Steven Soderbergh is synonymous with elaborate and complex stories that almost imperceptibly humanize even the most unlikely characters to audiences. It was like that with ‘Traffic’, ‘Sex, Lies and Videotape’ and ‘Erin Brokovich: A Woman of Talent’. Today, during the opening week of the HBO Max platform in Brazil, the director is back with his latest film, ‘Nem Um Passo Em Falso’, a complicated puzzle in which no one is what ‘he seems to be.
In 1954 in Detroit, Curt Goynes (Don Cheadle) received an unexpected service from Doug Jones (Brendan Fraser) to stay in a family for $ 5,000 with Ronald Russo (Benicio Del Toro) while Charley (Kieran Culkin) took Matt Wertz ( David Harbor) to get an important document in the safe his boss keeps at work. However, as you would expect in gangster movies, things get out of hand at some point, and Curt and Russo will end up teaming up to find out who actually hired the service, after all, Greed speaks louder and louder. , if it is worn the big boss, they will be able to earn more money for the service. But greed is precisely the problem in this shady way of making a living, and the document may be of greater importance than they realize.
If all those names weren’t enough, ‘Nem Um Passo Em Falso’ also features very special guest appearances from Matt Damon, Lucy Holt and Ray Liotta. This gives the dimension of the importance of working with Steven Soderbergh for the career of an actor, and it is not surprising: the film is very well directed; all the characters are well constructed, with deep backgrounds that make them questionable in the eyes of the viewer; the production takes on an atmosphere of suspense that keeps us interested until the end in all of the pieces featured in the plot, feeling unable to guess for ourselves what the real reason for everything is.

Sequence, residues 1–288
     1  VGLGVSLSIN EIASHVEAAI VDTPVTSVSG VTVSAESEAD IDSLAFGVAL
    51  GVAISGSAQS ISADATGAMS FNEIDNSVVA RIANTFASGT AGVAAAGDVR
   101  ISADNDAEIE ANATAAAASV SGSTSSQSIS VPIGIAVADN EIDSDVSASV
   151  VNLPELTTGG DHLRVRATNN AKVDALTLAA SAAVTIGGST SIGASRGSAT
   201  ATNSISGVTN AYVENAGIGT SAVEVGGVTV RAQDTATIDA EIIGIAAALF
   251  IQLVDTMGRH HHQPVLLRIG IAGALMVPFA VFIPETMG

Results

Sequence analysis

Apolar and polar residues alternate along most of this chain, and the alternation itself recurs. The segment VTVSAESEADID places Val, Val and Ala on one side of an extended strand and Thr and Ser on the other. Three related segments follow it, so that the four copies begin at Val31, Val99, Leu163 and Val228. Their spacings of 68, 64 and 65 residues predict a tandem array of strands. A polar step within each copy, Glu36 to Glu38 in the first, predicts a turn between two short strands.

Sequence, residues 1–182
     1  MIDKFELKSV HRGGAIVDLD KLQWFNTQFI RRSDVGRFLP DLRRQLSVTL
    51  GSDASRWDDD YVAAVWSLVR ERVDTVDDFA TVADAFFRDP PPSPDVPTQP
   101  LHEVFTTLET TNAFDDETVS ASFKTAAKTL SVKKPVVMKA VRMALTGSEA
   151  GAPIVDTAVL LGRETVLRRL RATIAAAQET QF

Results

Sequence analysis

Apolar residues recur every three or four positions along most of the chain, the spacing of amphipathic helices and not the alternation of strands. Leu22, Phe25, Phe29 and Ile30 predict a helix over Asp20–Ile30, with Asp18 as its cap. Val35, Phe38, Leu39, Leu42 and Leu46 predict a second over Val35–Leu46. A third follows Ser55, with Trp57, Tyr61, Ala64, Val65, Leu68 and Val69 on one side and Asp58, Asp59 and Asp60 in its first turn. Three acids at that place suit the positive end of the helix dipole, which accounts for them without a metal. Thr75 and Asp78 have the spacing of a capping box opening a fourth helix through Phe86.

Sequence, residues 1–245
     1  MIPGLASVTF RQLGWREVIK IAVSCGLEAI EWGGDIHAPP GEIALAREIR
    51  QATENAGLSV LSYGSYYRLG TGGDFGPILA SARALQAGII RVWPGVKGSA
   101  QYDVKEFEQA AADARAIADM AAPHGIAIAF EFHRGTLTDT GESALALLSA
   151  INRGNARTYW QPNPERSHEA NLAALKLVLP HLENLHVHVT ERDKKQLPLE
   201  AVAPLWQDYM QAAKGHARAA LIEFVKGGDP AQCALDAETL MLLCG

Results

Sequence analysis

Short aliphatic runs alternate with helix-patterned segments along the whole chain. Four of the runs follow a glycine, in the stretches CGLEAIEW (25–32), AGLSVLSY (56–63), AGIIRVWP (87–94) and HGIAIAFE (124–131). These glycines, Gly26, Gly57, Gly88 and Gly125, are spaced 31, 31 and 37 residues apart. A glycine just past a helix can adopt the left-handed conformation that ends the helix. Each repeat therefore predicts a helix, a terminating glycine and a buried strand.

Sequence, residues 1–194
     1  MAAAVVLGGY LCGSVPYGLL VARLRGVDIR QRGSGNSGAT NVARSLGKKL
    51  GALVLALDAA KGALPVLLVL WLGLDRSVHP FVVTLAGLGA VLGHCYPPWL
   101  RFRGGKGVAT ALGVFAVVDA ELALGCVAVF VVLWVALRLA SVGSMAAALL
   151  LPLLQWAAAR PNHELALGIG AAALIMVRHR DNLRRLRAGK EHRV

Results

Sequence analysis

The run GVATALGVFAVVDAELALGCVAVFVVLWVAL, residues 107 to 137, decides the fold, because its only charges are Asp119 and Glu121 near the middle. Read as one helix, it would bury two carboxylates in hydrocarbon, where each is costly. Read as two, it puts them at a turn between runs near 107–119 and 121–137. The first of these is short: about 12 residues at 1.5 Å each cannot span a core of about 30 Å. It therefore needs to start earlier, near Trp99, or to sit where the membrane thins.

Ed Solomon’s script begins with Curt Goynes’ character to gradually insert each of the other elements, so that over the nearly two hours of duration we untangle this interconnected tree from the Mafias of the Detroit underworld. , which mixes descendants of Italians, people who changed their names when they arrived in the city and black mobsters who were already conquering their estates at the time. Tying it all together is a true story that surprises the viewer at the end and leaves us with the feeling that there really is no way to escape such a disgusting chain as corruption.
‘Not One Step In False’ is like a really well shuffled deck of cards, but it requires attention with every move on the stage, after all, as the title itself says, you have to be in compliance not to do too rapid a movement when the subject is the mafia. Steven Soderbergh strikes once again with this beautiful production, with a very confident and comfortable Don Cheadle in the role and a cast which is nice to see again on the big screen.
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